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Maths whiz receives a perfect New Zealand Scholarship score

After receiving the NZQA Scholarship Top Scholar in Calculus Award and being recognised as the Top IGCSE Computer Science student in New Zealand, 16-year-old Bufan Zhao (Brian) had a stellar 2021. But the Year 12 Prefect has set an equal challenge for himself in 2022.
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ACG Parnell College maths whiz, Brian Zhao

In addition, to offering the Cambridge International Curriculum, ACG Parnell College also gives accelerated senior students the chance to sit NZQA Scholarship examinations.

This valuable opportunity allows the school’s star scholars to further extend their skills as they compete against some of the best students in the country.

ACG Parnell's top academic performers – usually in their final year of study – are invited to participate in this rigorous assessment. Among the candidates sitting the 2021 Calculus exam was phenomenal mathematician and Year 11 student Brian Zhao.

Two years younger than most of his fellow participants, Brian was more focused on the experience the Scholarship assessment would deliver than the actual outcome. So his staggering results came as something of a surprise.

Earning a perfect score, the 16-year-old wunderkind is now one of only a handful of students in the programme's history to be awarded 100 per cent for the NZQA Calculus paper.

"To be honest, I didn't feel overly prepared as I was primarily focusing on my Cambridge exams, so it was quite unexpected," he explains. "It was fortunate that I didn't make any careless mistakes. I am sure that there are other students who are just as good as me at Calculus and simply got unlucky."

Simultaneously studying for his Cambridge A2-Level Mathematics course, Brian confirms there was a strong cross-over component between the two papers. But to provide further support, the ACG Parnell's maths department organised weekly tutorials for Scholarship students while the library supplied the necessary textbooks.

"Although A-Level Mathematics and Scholarship Calculus cover the same basic concepts, the latter has more challenging questions, so I had to do a few past papers and attend tutorials."

His outstanding results saw the humble teen receive the Top Scholar in Calculus Award, presented to him by the Chair of the NZQA board, the Hon. Tracey Martin, at the New Zealand Scholarship 2021 Top Scholar Awards ceremony held at Parliament in May.

"Usually, the Prime Minister attends the ceremony, and I was certainly excited to meet her,” he adds. “But she couldn’t join us this year due to COVID-19."

For Brian, the appeal of mathematics lies in the subject's purity, depth and orderliness.

"I like how maths is mostly based on logic, and you don't have to memorise a lot of things. It is quite elegant how a seemingly simple question can evolve into a complex puzzle that requires a lot of ingenuity to solve."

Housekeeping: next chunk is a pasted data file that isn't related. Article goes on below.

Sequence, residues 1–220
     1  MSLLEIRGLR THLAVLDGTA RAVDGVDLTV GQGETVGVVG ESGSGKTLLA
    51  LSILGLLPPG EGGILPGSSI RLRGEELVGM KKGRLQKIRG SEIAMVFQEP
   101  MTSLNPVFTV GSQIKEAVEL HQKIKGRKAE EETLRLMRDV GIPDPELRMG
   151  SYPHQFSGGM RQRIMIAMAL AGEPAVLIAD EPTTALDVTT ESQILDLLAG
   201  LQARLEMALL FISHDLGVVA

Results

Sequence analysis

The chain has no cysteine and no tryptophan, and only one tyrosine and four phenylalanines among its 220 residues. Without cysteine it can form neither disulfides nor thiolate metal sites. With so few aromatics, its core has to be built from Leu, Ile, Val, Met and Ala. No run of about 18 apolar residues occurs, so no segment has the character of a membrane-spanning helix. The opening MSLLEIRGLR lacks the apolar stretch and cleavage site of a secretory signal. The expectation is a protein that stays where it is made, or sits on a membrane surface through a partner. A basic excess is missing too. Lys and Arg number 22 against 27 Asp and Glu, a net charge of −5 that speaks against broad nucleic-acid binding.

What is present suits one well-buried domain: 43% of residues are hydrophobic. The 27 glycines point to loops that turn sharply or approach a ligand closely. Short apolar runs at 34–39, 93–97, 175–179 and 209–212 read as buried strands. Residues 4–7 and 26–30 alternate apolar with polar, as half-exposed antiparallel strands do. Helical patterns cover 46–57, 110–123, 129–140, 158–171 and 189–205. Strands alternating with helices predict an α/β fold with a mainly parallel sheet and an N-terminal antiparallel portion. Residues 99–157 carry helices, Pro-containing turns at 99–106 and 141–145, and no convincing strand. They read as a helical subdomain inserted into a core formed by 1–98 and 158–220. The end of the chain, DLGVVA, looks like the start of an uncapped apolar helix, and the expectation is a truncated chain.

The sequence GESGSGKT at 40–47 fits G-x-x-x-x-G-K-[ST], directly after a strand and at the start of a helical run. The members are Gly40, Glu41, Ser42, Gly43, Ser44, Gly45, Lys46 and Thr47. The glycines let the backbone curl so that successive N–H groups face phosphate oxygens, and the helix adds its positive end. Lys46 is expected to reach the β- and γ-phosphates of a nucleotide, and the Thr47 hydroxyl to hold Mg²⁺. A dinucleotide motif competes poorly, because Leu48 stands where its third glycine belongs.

Yet mathematics isn't the only area where the analytically minded go-getter excels. Earlier this year, he was recognised in the 2021 Cambridge Outstanding Learner Awards, receiving the title of Top in New Zealand for IGCSE Computer Science.

Not content to rest on past success, Brian has ambitious plans for the remainder of 2022 as well. 

Although most students select four subjects in Year 12, the accomplished scholar has upped the ante by including an extra paper, studying AS-Level English Literature, Computer Science, Physics and Chemistry, and A2-Level Further Mathematics. Through a combination of hard work, determination and natural ability, Brian is hoping to achieve A* grades (marks of 90 per cent and above) across the board.

Plus, he’s looking to sit several NZQA Scholarship exams with the goal of achieving a Premier Award. Given to a maximum of twelve recipients nationwide, this prestigious accolade celebrates elite students who have attained at least three “outstanding” Scholarship results in the same year.

And if that wasn’t enough, after attending an invite-only maths camp, he was one of six pre-university students selected to represent New Zealand at the International Mathematical Olympiad in Oslo. Setting his sights on a silver medal, Brian and the team will travel to Norway’s capital later this month to compete against the world’s best in this challenging and fiercely contested event.

However, understanding that there’s more to school life than academics, the maths whiz has also created a positive work-life balance during his five years at ACG. A co-founder of the Coding Club and a newly appointed Prefect on the student leadership team, he continues to make time for a wide range of activities to enhance his day-to-day routine.

"This year, my main extracurriculars consist of the Vex Robotics, Maths Olympiad Club, Coding Club, Duke of Edinburgh, Library Monitor, Year 12 Prefect and peer tutoring."

As for his plans beyond the ACG classroom, Brian is keen to broaden his horizons by studying at one of the world's top universities. Among his preferred choices are the University of Cambridge and MIT.

"I haven't decided on my exact career yet. But something maths or computer science-related would be cool."

Regardless of the destination he selects, it seems clear that whatever pathway the multi-talented student chooses to take, the future certainly looks bright.